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Infinitive With To Learn English Grammar

This post looks at using the English infinitive with to. It is used after certain adjectives and verbs.

 

  1. The first to do something.

He was the first to arrive at the party.

  1. The next to do something.

Sam was the next to arrive.

  1. The last to do something.

Tom and Mary were the last to arrive.

 

We can also put a noun before the infinitive if we are talking about sequencing (putting something into numerical order e.g. first, second, third etc)

 

Neil Armstrong was the first person to walk on the moon.

Will the last person to leave the room, please turn off the lights?

They were the second team to enter the competition.

  1. We use infinitive with to after want and would like.

 

I want to see that new French film that is on at the cinema.

Would you like to come with me?

 

I would like to book a table for four at seven o’clock, please.

 

Jack had to leave work early today because he had a doctor’s appointment.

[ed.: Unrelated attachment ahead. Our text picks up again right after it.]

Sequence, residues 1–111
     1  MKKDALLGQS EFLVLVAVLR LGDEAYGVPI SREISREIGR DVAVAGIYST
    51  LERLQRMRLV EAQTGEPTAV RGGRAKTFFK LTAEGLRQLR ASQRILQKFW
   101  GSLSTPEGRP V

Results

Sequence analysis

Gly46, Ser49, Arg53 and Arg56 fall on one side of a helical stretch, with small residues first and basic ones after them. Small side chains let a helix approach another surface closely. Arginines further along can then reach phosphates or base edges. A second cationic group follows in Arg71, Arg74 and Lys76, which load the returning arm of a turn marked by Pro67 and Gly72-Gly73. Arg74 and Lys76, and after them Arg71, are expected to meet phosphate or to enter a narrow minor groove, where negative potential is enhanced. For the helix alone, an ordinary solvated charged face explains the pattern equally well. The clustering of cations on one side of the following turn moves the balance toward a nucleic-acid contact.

1. After some question words.

 

I don’t know where to go on holiday this year.

She wanted to know how to get to the station.

When he offered me the job, I didn’t know what to say.

The kids can be so noisy. They never know when to stop.

 

  1. After certain verbs (usually verbs of thinking and feeling. Below is a table of some of the most common verbs).

 

Agree Do you agree to help us?
Arrange I want to arrange a meeting to discuss the new computer system.
Decide I have decided to take the job in New York.
Expect I expected to meet the manager today but he’s ill.
Forget Don’t forget to feed my cat whilst I’m on holiday.
Hope I hope to see you again very soon.
Intend She intends to start her own company.
Learn Peter had always wanted to learn to play the piano.
Like John likes to sing in the shower.
Love We love to go on walking holidays in the mountains.
Manage I managed to finish the work before my boss returned.
Plan We plan to visit my parents at the weekend.
Prefer I prefer to play tennis.
Promise I promise to visit again soon.
Refuse I refuse to listen to your lies.
Remember Could you remember to close the door when you leave?
Tend She tends to talk too much because she’s nervous.
Try Can you try to be more quiet, please. I’m trying to work.

 

  1. After adjectives

 

I’m pleased to meet you.

She was sad to see him go.

They were excited to be in the Olympic team.

I would love to eat some chocolate but I’m on a diet at the moment.

 

  1. Verb + object + to infinitive

 

I need you to look after the kids while I go the doctor.

We took my parents to see the new Star Wars film.